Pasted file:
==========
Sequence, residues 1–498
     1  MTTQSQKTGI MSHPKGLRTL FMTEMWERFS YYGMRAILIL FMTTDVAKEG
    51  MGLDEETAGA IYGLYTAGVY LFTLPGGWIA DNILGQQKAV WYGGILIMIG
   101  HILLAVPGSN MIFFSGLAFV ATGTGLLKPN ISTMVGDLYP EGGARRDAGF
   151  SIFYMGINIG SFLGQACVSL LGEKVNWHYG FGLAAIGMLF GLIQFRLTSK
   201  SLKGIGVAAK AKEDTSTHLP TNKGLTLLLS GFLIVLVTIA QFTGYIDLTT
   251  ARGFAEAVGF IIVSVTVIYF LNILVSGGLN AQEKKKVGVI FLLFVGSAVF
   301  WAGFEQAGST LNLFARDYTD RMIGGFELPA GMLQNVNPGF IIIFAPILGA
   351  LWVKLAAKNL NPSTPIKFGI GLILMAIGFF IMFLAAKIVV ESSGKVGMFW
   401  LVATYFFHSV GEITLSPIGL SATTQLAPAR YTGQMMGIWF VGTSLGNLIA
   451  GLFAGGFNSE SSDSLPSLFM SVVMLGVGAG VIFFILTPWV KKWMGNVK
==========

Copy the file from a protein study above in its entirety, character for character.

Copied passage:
Sequence, residues 1–498
     1  MTTQSQKTGI MSHPKGLRTL FMTEMWERFS YYGMRAILIL FMTTDVAKEG
    51  MGLDEETAGA IYGLYTAGVY LFTLPGGWIA DNILGQQKAV WYGGILIMIG
   101  HILLAVPGSN MIFFSGLAFV ATGTGLLKPN ISTMVGDLYP EGGARRDAGF
   151  SIFYMGINIG SFLGQACVSL LGEKVNWHYG FGLAAIGMLF GLIQFRLTSK
   201  SLKGIGVAAK AKEDTSTHLP TNKGLTLLLS GFLIVLVTIA QFTGYIDLTT
   251  ARGFAEAVGF IIVSVTVIYF LNILVSGGLN AQEKKKVGVI FLLFVGSAVF
   301  WAGFEQAGST LNLFARDYTD RMIGGFELPA GMLQNVNPGF IIIFAPILGA
   351  LWVKLAAKNL NPSTPIKFGI GLILMAIGFF IMFLAAKIVV ESSGKVGMFW
   401  LVATYFFHSV GEITLSPIGL SATTQLAPAR YTGQMMGIWF VGTSLGNLIA
   451  GLFAGGFNSE SSDSLPSLFM SVVMLGVGAG VIFFILTPWV KKWMGNVK